Monday, August 20, 2007

Solar systems filled to capacity, radio waves over lasers and humanity’s relationship to stardust

Welcome! “Alien Life” tracks the latest discoveries and thoughts in the various elements of the famous Drake Equation. You may notice that this and future entries are shorter than usual; Career, family and book deal commitments have forced me to cut back some of my projects. Now, here’s today’s news:
g Abodes - In this essay, Steven Soter examines computer experiments that simulate the gravitational interactions among planets over billions of years. These models suggest that the solar system is only marginally stable and is dynamically full, or nearly so. Adding another planet between the existing ones would make the system unstable, resulting in a collision or ejection of a planet. See article.
g Life - Philosophers wrestling with the big questions of life are no longer alone. Now scientists are struggling to define life as they manipulate it, look for it on other planets, and even create it in test tubes. See article.
g Message - While advanced civilizations might be tempted to use optical means such as lasers to send information between the stars, there are some good reasons that nearly all the major Search for Extraterrestrial Intelligence experiments are looking for radio waves instead. See article.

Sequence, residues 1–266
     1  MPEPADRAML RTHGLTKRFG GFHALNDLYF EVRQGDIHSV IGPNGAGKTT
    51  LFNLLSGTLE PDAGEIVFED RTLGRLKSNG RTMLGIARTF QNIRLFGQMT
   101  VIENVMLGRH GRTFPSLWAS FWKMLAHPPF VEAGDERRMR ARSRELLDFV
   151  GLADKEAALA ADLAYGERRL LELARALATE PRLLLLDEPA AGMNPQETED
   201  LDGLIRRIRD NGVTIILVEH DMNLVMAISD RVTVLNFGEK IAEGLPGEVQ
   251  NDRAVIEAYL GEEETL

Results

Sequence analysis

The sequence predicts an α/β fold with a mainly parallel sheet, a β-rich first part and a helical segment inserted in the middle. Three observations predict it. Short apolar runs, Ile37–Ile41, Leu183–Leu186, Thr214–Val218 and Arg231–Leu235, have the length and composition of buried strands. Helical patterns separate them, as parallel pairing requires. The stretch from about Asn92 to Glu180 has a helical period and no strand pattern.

g Cosmicus - Quote of the Day: “To place one's feet on the soil of asteroids, to lift a stone from the moon with your hand, to construct moving stations in ether space, to organize inhabited rings around Earth, moon and sun, to observe Mars at the distance of several tens of miles, to descend to its satellites or even to its own surface-what could be more insane! However, only at such a time when reactive devices are applied, will a great new era begin in astronomy: the era of more intensive study of the of heavens.” - Konstantin Tsiolkovsky
g Learning - Are we alone? Are humans unique in the universe, or is our existence the natural outcome of universal processes that produced complex life on Earth and elsewhere? As we observe the universe beyond Earth, we find that we are fundamentally a part of it. To understand the relationship of humanity to stardust requires understanding evolution in its broadest sense. See article. Note: This article on teaching evolution in schools is from January 2001.
g Imagining - The first step in imagining what a real alien might look like is to forget you ever watched the "The X-Files." They won't be the sinister grays Fox Mulder pursues, little green men or even jolly old E.T. And most assuredly they won't look like us. See article. Note: This article is from 1999.
g Aftermath - How might we characterize the political significance of any announcement of discovering extraterrestrial intelligence? How about using the Torino Scale, which characterizes asteroid impacts, as a model to assist the discussion and interpretation of any claimed discovery of ETI? See article.